Cinematographer Mandy Walker Frames History in Hidden Figures

Mandy Walker knows a thing or two about defying expectations. One of the movie industry's very few female cinematographers, she decided at age 13 to become a DP. "My dad made me a little dark room in the back yard and I loved going to movies, so I decided to join those two things together," says Walker, an award-winning Australian with credits that include Shattered Glass and Mia Wasikowska's desert adventure Tracks. Her most recent project Hidden Figures (Dec. 25 limited), based on a little-known true story, follows three mathematically gifted black women (Tarija P. Henson  as Katherine G. Johnson, Octavia Spencer as Dorothy Vaughan and Janelle Monáe as Mary Jackson) who win over their white male bosses at NASA by crunching numbers essential to astronaut John Glenn's triumphant 1962 orbit around the earth.

"I think there's only something like three percent of cinematographers who are female, so in that way, I related to these women," Walker says. "Katherine, Dorothy and Mary went through much worse adversity than anything I've ever come across, but still they powered on. I feel like this film is important because it shows other young women if they have ambitions in math or science, they should pursue them."

To picture the mathematicians' saga in the most authentic way possible, Walker eschewed  the now-standard digital format and instead shot Hidden Figures on celluloid film stock. She says, "Making a period piece, the director Ted Melfi and I both felt it was appropriate to capture people's skin and their costumes by dealing with the kind of grain and texture you only get from film."

Immersing herself in the visual iconography of the early sixties, Walker pored over photographs from the period taken by Civil Rights documenter Danny Lyon, a young Gordon Parks and Saul Leiter, pioneer of the so-called "New York School" renown for lush, colorful street scenes.  

She also found inspiration in the person of Katherine Johnson. Now 98 years old, Johnson in 2015 received the Presidential Medal of Freedom and made a big impression on Walker when the two met before filming began. Describing Taraji P. Henson's real-life role model, Walker recalls, "Katherine is this very proud, elegant woman and I wanted to make sure we represented her that way in the film. One thing the director talked about was this idea that she stood out like a jewel in a sea of white- shirted white men. We always framed Taraji in that way to make sure her character would stand out."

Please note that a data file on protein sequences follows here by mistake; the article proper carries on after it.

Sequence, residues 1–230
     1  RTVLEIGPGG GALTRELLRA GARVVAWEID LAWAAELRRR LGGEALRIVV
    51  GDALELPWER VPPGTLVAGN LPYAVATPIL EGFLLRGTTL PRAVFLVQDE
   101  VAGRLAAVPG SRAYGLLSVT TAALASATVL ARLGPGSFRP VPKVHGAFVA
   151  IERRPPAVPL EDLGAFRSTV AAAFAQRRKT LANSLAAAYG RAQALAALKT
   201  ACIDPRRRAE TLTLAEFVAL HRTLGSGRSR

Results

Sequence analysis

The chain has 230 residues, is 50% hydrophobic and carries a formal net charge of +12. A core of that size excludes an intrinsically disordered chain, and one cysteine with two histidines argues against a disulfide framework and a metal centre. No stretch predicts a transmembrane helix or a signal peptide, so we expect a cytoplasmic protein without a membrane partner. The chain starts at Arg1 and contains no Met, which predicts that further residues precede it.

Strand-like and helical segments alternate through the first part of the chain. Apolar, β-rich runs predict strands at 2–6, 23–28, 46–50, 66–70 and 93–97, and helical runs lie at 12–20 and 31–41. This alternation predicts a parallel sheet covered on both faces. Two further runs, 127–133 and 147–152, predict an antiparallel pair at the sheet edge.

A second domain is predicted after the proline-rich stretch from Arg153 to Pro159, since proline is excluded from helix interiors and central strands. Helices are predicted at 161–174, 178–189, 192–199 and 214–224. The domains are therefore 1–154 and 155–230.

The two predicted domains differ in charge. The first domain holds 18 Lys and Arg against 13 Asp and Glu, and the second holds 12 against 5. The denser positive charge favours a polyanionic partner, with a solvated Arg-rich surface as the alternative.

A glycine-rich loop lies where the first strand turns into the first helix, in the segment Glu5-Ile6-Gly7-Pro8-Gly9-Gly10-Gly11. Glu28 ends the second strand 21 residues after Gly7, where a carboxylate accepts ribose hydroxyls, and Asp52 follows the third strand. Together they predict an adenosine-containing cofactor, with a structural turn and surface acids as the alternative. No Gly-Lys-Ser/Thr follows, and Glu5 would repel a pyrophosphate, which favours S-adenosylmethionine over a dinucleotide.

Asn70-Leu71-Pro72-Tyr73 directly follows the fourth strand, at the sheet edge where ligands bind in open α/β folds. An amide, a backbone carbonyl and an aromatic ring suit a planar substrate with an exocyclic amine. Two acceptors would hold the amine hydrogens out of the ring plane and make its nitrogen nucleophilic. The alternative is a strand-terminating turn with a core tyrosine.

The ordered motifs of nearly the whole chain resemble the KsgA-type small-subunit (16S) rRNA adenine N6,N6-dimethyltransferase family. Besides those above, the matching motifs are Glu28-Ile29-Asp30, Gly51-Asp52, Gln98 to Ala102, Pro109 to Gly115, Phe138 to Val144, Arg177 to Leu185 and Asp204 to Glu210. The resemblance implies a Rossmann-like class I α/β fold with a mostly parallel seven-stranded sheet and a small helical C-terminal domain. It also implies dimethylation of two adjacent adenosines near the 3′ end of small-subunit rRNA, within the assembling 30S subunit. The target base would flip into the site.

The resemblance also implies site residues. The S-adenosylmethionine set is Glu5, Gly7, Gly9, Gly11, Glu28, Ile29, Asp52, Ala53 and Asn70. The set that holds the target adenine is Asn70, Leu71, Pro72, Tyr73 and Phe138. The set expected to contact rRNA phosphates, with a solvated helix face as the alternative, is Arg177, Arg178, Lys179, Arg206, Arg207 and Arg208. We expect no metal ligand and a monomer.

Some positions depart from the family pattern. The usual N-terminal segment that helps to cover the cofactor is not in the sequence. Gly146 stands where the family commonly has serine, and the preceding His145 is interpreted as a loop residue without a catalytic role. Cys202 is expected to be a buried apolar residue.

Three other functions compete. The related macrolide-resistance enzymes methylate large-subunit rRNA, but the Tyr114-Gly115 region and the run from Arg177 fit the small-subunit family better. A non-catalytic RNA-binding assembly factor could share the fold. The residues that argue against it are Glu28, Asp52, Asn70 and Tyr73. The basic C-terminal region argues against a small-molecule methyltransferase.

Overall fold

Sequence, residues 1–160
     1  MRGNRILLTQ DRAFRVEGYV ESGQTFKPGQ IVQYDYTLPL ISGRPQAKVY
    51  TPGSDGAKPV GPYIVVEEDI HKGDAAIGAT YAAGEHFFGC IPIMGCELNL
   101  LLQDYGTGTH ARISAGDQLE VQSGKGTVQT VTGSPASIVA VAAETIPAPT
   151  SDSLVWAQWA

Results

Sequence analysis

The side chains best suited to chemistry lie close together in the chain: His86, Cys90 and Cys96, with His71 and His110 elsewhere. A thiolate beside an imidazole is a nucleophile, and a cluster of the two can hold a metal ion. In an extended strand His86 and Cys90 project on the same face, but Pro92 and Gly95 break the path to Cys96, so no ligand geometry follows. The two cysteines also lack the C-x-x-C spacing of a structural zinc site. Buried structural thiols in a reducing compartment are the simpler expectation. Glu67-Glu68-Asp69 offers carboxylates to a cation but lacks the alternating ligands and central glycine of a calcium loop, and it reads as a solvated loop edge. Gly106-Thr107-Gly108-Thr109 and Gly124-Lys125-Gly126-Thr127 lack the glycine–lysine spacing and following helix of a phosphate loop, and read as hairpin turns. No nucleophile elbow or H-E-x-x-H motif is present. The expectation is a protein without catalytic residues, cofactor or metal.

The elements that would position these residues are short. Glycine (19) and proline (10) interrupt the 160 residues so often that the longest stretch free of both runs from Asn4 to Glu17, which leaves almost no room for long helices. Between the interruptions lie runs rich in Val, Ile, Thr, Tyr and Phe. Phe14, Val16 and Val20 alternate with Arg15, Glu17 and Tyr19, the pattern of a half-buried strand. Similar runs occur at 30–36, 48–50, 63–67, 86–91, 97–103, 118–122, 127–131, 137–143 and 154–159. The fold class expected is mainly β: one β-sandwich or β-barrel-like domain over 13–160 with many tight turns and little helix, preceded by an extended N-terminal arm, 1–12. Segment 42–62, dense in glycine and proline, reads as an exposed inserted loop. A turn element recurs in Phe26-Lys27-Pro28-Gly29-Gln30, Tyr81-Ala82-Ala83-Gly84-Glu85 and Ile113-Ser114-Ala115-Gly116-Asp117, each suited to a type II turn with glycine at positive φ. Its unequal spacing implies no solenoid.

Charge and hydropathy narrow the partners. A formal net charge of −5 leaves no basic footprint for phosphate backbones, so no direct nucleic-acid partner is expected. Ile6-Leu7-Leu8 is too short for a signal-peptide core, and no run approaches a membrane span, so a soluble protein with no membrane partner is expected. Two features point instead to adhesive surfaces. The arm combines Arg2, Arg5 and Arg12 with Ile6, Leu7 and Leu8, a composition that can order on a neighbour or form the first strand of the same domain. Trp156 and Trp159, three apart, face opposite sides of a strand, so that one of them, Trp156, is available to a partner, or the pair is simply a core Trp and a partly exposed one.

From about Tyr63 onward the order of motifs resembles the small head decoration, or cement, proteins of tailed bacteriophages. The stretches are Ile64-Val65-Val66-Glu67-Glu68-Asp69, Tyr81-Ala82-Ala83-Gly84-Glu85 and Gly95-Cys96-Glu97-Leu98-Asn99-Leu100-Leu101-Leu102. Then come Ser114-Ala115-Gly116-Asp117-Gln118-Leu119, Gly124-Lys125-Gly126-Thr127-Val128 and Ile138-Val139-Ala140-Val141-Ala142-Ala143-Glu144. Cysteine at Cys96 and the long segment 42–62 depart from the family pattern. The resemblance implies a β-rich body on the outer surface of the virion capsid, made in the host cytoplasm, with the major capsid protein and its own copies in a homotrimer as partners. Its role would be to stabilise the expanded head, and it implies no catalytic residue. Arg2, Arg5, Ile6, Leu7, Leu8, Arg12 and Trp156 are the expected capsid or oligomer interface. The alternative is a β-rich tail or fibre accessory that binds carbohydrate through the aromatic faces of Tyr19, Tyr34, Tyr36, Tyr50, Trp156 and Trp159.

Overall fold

Filming in Atlanta, Georgia at Morehouse College, dressed by production designer Wynn Thomas to resemble NASA headquarters, Walker established two distinct visual environments for the "Hidden Figures" to inhabit. She explains, "The Space Task Group and IBM offices are very white and bright, what they would have called 'Space Age' at the time. This big modern environment was fluorescently lit, so we had little lamps on the desks to give depth to the shots."

Mary Jackson (Janelle Monae) offers some help to NASA mission specialist Karl Zielinski (Olek Krupa). Photo Credit: Hopper Stone. TM & © 2016 Twentieth Century Fox 

Filmmakers contrasted the women's antiseptic work environment with the warm-toned comfort zones they call home. Walker explains, "We wanted to build warmth and color and texture into the places where these women live by using beautiful colored wallpaper and things like that. It was all about filming these different environments to reflect what was going on in the story."

Central to that story is the progress made by Katherine and her co-workers as they earn respect from the NASA establishment. Walker charted that evolution in status by deploying an almost subliminal shift in the camera's point of view. "When we shot the African American women talking to the white guys at the beginning of the film, we'd be a little bit underneath their eyeline so that Katherine, Dorothy and Mary would be looking up at these men all the time. But as the story develops, we shifted so that the eyeline becomes more similar between the women and the men. Even though the difference is quite subtle, I think it sort of works emotionally. Sometimes you need people to feel something rather than just see it."

Featured photo: Katherine Johnson (Taraji P. Henson), Dorothy Vaughan (Octavia Spencer) and Mary Jackson (Janelle Monae) are three brilliant African-American women working at NASA Photo Credit: Hopper Stone. TM & © 2016 Twentieth Century Fox ​


Hugh Hart

Hugh Hart has covered movies, television and design for the New York Times, Los Angeles Times, Wired and Fast Company. Formerly a Chicago musician, he now lives in Los Angeles with his dog-rescuing wife Marla and their Afghan Hound.